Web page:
“Does it run?” you pantomime with your hands.
The older man looks sad and says, “Magneto.” Then he jerks his head to one side and, for good measure, makes a slashing motion with his hand.
“Yes”, you know what a magneto is and squat down to look for it. It’s gone. “Where is it?” You say, again with your hands. This could be Cuba except on the opposite side of the world: old machines without the right parts to repair them.
A minute later it appears in his open hand. He points out the markings, the specs and even produces a little metric ruler. You write it all down. No, he doesn’t want to sell the bike. Yes, you’ll try to get a new magneto. Well, not you, but a friend back in the U.S., half a world away.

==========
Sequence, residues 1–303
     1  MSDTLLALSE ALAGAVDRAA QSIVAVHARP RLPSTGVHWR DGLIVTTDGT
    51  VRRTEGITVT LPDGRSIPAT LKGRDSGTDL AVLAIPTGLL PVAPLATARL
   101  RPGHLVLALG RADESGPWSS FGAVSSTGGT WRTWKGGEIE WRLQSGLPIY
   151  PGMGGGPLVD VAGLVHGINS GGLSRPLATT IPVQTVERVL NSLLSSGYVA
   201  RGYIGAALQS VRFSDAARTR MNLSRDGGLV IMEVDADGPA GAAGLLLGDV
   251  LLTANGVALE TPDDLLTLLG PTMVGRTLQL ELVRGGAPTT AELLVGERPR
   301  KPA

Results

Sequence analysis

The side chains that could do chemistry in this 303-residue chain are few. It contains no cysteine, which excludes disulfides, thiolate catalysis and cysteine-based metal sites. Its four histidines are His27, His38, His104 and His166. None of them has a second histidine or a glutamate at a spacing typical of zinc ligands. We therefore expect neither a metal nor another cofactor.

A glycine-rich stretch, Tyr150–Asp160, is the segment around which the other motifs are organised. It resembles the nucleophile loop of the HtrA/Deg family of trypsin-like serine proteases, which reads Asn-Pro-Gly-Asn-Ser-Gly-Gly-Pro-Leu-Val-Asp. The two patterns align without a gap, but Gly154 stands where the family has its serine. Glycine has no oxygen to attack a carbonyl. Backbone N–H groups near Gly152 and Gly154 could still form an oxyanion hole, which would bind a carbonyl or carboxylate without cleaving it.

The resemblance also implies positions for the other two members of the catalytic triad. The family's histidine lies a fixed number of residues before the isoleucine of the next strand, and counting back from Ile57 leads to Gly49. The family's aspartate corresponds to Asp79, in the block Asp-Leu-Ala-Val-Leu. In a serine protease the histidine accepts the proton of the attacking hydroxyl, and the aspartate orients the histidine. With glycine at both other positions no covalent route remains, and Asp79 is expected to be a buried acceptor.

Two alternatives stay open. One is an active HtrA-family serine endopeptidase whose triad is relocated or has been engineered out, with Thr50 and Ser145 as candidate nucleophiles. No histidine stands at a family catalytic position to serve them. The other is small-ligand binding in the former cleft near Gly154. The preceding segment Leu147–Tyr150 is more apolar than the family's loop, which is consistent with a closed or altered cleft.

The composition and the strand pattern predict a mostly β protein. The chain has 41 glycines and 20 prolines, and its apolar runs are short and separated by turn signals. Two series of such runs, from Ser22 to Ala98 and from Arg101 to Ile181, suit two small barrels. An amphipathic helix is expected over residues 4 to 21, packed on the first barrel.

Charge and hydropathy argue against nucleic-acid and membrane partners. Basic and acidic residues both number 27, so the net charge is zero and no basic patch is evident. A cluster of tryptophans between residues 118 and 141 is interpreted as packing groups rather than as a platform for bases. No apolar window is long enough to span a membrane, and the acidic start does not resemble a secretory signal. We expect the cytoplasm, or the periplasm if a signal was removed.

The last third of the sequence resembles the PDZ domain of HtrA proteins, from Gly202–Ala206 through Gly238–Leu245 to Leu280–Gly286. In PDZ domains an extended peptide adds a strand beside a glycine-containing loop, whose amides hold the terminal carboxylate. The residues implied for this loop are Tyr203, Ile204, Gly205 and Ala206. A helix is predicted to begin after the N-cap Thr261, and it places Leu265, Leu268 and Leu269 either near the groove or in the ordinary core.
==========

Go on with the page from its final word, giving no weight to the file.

Excerpt from the novel Lenin’s Arm by Peter Kwasniewski
At the intersection of the alley and a road sits a hulking crawler tractor, cannibalized for parts, its dead weight likely to rest there forever. The corner of a compound wall had been indented to accommodate the metal mass, a likely sign of the tractor’s age. All five of us disappear into the space between the tractor and the wall and squat down in a row. None of us are tempted to touch the frozen metal just inches from our eyes.